@thepyrethatburn never saw comment being bigger than the article untill i saw yours, lol dont get angry is just so long,peace
Independent Games Summit session gives small-time game makers opportunity to sound off on nonpornographic sex game development, game-industry auteurs, ethical game design, more.
SAN FRANCISCO--The indie gaming scene experienced a renaissance in popularity in 2008, thanks to the growing adoption of digital distribution platforms such as Xbox Live, the PlayStation Network, WiiWare, and Steam. The influx of high-quality titles also aided the surge, with downloadable games such as Jonathan Blow's Braid, The Behemoth's Castle Crashers, and Jonathan Mak's Everyday Shooter becoming critical darlings.
Be that as it may, there's always going to be something to rant about. And that's just what a host of indie game makers did today in an Independent Games Summit session, held as part of the 2009 Game Developers Conference. During the aptly titled "The Indie Game Maker Rant," speakers were given five minutes to sound off on any topic of their choosing. Selected highlights are as follow:
Heather Kelley, cofounder of experimental game collective Kokoromi, took exception to the fact that there are no nonpornographic games aimed at improving real-world sex for women, particularly as it pertains to autonomous self-gratification. As she put it, while men require no explanation in the realm of self-stimulation, it is a subject many grown women struggle with. As such, she crafted a hypothetical design document several years ago for a game titled Lapis for the DS. The game featured an adorable blue bunny, and players used the DS's stylus to "take [the blue bunny] to its happy place." Unfortunately, many challenges are associated with games of this type, she said, not the least of which are content restrictions enforced by platform creators.
Doomlaser's Mark Johns opined on the ongoing debate over whether games should be considered art. Johns, who began his rant by touting his claim to fame as the designer of "S*** Game," said the answer is, obviously, yes. As for those who disagree with his stance, Johns said, "It's just going to take time for people like [film critic, cancer survivor, and game skeptic Roger] Ebert to die off."
IGF organizer and Flashbang Studios designer Steve Swink championed the idea of ethical game design. According to Swink, in the US, people live in a time of unparalleled freedom yet have ended up being fat, lazy, and stupid, by and large. Making this point, Swink went on to say that with freedom of all sorts assured, the question for game designers has become what is worthwhile. Uncovering the answer to this question, though, can be problematic, with Swink saying that spatial reasoning skills honed during hours of playing Valve's Counter-Strike recently helped him avoid a car wreck.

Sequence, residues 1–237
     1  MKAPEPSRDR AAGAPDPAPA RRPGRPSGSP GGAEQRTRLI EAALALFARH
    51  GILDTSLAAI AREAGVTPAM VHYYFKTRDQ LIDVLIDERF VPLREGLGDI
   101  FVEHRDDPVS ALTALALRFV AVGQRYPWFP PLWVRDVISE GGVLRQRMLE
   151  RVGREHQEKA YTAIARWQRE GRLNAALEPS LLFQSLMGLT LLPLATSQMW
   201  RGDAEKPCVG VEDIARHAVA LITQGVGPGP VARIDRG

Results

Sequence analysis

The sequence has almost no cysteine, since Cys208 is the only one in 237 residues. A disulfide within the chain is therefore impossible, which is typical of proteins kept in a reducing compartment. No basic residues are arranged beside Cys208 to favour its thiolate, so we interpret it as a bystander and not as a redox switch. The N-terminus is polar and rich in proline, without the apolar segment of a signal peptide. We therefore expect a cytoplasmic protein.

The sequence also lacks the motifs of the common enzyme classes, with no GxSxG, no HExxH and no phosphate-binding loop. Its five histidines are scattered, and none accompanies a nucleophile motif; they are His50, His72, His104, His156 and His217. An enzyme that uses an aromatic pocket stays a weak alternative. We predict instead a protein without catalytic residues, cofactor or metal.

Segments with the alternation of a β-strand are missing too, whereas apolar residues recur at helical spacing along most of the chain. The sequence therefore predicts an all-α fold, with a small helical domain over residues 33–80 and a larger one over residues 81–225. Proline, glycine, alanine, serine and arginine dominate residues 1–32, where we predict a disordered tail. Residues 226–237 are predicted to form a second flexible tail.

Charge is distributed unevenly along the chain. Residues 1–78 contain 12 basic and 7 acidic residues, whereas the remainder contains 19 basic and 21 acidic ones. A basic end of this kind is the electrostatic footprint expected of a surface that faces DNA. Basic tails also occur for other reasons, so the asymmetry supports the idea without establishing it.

Infinite Ammo's Chris Lobay, a film school graduate, advocated auteur theory, or the idea that a game (or movie) reflects the creative vision of its director. Lobay noted that the '80s gave rise to today's most celebrated game makers, including Will Wright, Shigeru Miyamoto, and Hideo Kojima, but the game director as an auteur now seems to manifest itself only in the indie gaming scene. Lobay said that large developers and publishers should support the auteur, much in the same way that film studios currently go to bat for fringe film makers.
Petri Purho capped off the indie game rant session. Purho, who gained fame as last year's Seumas McNally Grand Prize winner at the Independent Games Festival Awards for Crayon Physics Deluxe, said that he would use his five minutes to craft a game. Drawing from a bag of suggestions, Petri first discarded a suggestion to create PopCap's puzzler Peggle, and then discarded a suggestion of simply "ragdoll." Combining the two, however, he began to feverishly work on the game, with his workspace being projected on the conference room's screen.
"Copying and pasting helps a lot when making games in five minutes," he chirped, before his coding went into hyperspeed mode--literally--as it suddenly became evident that what was being shown on the screen was prerecorded footage. With time expiring, Petri compiled the code, and a primitive Ragdoll Peggle that played out much like a pachinko machine appeared onscreen.
There are two 'massage' games available on Xbox Live marketplace. We're already there people, it's just under another name.